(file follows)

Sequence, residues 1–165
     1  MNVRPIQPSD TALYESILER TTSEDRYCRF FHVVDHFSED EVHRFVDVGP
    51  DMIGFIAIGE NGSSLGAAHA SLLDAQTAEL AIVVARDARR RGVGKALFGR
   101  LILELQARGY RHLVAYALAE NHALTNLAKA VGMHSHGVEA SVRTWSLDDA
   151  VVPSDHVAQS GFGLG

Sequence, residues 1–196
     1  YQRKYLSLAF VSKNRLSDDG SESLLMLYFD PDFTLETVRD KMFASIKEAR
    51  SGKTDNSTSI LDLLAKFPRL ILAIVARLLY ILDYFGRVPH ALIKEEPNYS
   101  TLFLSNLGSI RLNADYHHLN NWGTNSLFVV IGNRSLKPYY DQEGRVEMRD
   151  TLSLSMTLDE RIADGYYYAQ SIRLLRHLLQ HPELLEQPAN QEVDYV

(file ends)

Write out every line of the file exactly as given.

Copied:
Sequence, residues 1–165
     1  MNVRPIQPSD TALYESILER TTSEDRYCRF FHVVDHFSED EVHRFVDVGP
    51  DMIGFIAIGE NGSSLGAAHA SLLDAQTAEL AIVVARDARR RGVGKALFGR
   101  LILELQARGY RHLVAYALAE NHALTNLAKA VGMHSHGVEA SVRTWSLDDA
   151  VVPSDHVAQS GFGLG

Sequence, residues 1–196
     1  YQRKYLSLAF VSKNRLSDDG SESLLMLYFD PDFTLETVRD KMFASIKEAR
    51  SGKTDNSTSI LDLLAKFPRL ILAIVARLLY ILDYFGRVPH ALIKEEPNYS
   101  TLFLSNLGSI RLNADYHHLN NWGTNSLFVV IGNRSLKPYY DQEGRVEMRD
   151  TLSLSMTLDE RIADGYYYAQ SIRLLRHLLQ HPELLEQPAN QEVDYV